We loved those times,
free wheeling we said,
as if cares of the day
had faded from our lives. . . .

No need ever to apologize
for  moments stolen
from life’s busy encounters.
They were the most important.

They cemented our past
into a foundation
our beloveds counted on
to build their futures. . .

To have run away would have
left orphans in our wake.
We laughed and reveled in the little time
as we pretended no ties other than
when we had our last coffee

and knew our let’s pretend was. . . .pretend.



Painting by Claudia Hallissey


Born To See


          Born To See

You ask,

how do you do it
to see what you see?

And I say,

my heart pools in my eyes
and I weep with the poignancy of love.
I see the generations who have worked
the fields and the August sweat that poured
off brows to be wiped by the long sleeves
on blue shirts. . long sleeves helped keep
the shards of thistles from piercing the skin.

And you say. . . . .

why work the sweat jobs that others can do
when you have money in the bank?

And I say. . . .

money in the bank is for the lean, cold months
when the fields do not produce.

You say. . . . .

I would find something else to do.

I say. . . . . . .

when you love the land and the peoples
who worked it before you, it is a requisite
to have that love primary.
Otherwise, you work for no thing, nothing.

Arguing, you say. . .

that old wreck of a plough needs replacing.
You need equipment and you need money.
What do you see?

I see. . . .

how wealthy I am.
The old plough sits with acres behind it;
I see bushes with thrushes, ponds with live waterfowl,
I see huge windrows of bundled hay,
and I think that feeding the peoples
is a good way to pay my way on this Earth.

You say. . . .

so you see what went before to form the picture now.

I say. . . . .

my heart sees the love that went into
the building of this dream.
And the dream puts food on the table
for the children in the final picture.

And you say. . . .

I cannot see it that way at all.

Then I conclude. . . .

perhaps we need to be born with eyes that see;
and we see what our hearts deem to be ours to see.
Perhaps you need to talk to the Potter.



photo by Kathy Qualiana



An Argument

Toward A Destiny

An Argument

It was an argument
persisting its stuff as
all of them do.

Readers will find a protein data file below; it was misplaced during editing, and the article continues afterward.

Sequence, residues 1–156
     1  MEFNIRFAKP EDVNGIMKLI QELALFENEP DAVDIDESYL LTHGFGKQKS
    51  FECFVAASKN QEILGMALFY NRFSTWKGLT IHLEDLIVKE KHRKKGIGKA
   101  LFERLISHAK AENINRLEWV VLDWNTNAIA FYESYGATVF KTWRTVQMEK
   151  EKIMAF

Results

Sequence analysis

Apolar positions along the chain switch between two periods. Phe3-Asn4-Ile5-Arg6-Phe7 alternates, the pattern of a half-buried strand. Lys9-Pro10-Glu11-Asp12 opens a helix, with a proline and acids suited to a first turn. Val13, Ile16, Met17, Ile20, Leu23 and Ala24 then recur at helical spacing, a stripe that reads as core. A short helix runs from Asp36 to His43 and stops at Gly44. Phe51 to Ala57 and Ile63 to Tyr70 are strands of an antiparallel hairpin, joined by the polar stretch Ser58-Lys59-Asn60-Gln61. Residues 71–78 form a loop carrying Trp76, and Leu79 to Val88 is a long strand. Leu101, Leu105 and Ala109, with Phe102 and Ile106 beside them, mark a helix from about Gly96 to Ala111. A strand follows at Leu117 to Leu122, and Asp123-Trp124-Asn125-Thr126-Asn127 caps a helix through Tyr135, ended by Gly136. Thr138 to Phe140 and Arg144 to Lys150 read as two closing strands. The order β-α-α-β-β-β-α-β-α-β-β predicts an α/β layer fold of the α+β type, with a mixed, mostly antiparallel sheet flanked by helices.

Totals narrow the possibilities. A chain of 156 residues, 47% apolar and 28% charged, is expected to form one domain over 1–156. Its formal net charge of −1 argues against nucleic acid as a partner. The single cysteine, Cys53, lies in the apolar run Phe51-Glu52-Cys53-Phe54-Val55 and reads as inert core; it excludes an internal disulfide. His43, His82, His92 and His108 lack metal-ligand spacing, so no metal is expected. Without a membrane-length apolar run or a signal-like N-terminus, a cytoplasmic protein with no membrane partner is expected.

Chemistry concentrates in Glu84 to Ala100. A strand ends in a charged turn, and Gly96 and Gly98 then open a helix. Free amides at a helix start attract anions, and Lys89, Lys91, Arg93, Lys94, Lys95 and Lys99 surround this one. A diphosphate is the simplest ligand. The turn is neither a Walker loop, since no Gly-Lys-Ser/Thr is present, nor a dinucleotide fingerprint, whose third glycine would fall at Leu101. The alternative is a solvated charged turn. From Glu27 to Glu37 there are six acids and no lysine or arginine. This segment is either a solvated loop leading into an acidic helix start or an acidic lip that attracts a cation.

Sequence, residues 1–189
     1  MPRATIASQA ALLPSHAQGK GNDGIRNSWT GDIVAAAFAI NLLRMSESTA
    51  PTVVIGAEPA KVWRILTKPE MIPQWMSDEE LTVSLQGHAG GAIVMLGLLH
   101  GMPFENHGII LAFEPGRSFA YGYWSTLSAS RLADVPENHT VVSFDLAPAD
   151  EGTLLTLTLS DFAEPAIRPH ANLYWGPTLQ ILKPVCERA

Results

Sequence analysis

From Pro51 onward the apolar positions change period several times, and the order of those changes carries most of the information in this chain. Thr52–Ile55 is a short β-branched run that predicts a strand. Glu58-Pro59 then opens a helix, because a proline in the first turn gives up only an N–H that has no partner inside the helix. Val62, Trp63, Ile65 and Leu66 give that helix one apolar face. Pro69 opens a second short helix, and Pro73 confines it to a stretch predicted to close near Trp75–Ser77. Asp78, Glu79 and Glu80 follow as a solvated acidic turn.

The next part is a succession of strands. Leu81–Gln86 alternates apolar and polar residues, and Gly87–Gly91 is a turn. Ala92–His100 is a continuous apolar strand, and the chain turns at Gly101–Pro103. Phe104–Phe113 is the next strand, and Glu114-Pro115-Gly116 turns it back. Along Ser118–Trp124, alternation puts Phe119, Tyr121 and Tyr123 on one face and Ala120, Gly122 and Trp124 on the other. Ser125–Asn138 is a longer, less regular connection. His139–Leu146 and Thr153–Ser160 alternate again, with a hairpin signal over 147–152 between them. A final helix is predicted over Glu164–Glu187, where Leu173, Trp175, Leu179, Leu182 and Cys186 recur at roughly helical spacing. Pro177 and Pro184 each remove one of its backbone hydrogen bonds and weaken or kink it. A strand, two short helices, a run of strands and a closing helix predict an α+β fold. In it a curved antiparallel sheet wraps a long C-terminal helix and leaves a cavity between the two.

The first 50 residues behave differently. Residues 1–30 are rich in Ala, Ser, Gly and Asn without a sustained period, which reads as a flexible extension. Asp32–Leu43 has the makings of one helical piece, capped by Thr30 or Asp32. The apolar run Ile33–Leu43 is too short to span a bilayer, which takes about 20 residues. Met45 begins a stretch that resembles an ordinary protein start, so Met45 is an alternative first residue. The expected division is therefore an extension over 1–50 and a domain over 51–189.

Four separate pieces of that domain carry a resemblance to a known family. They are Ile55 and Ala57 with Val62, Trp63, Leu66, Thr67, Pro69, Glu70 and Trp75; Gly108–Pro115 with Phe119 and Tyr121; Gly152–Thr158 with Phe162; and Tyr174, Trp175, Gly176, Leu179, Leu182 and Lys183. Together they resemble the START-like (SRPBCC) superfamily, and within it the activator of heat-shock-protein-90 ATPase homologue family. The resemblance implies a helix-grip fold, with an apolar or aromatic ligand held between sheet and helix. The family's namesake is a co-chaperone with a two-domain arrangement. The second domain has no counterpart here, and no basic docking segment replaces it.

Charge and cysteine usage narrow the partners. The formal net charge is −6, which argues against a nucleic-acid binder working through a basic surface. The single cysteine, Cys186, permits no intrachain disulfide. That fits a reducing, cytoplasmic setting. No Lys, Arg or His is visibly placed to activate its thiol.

I say. . . .
the camera portrays
what the photographer perceives.

And he insisted. . . . .
that the camera sees
the fact in nature
and records it as such.

I say. . . .
a fact in nature changes
as the person who perceives it.

What do we do. . . .
if what we see is not
what the photographer sees?

I say. . . .
get thee to an altar and pray.
Rightly so.
Go find an altar and pray.
So that what is
perceived as beautiful,
as poignant or a crime to humanity
is what we see.

Quickly. . . .
Go find an altar to pray
for your heart is in imminent danger.

Photo by John Hallissey


There Is Unfinished Work Everywhere


There Is Unfinished Work Everywhere.

There are some things I simply cannot go back to. As I read past journals,  I do a lot of delving  to see what I skipped over and what I did not integrate.   I  then see what direction I must take.   There are some things I cannot go back to.   I cannot go back to thinking that we are not safe and I cannot go back to thinking there is no place for certain that we go to.  And if there would be nothing, I would create a world to go to or a something before I would allow a nothing.   And I would find my match somewhere.  Why?  Simple reason.   If mushrooms come back time after time and a daffodil, why not me?   I am unfinished.  I have not reached my full potential.  We give a cat nine lives but expect a human to reach perfection in just one?  There are many worlds in this Universe and I think that human beings are worth as many chances as necessary. Some of those chances won’t be  pretty for the ne’er do well,  but we are redeemable.

I was told there is unfinished work everywhere.    Some years ago when a friend and I were taking classes in Religion and sitting in the hallway waiting for the present class to disband,  I looked up at the wall across the corridor and saw a painting.  What I was seeing made me sick to my stomach.  My friend turned to say something and asked hurriedly,  are you all right, you look sick?  I pointed to the painting.  I have been there and I know that place, I said.   She looked and thought it plain but to me it spoke .   I have tried to show in the wall quilt what I remember.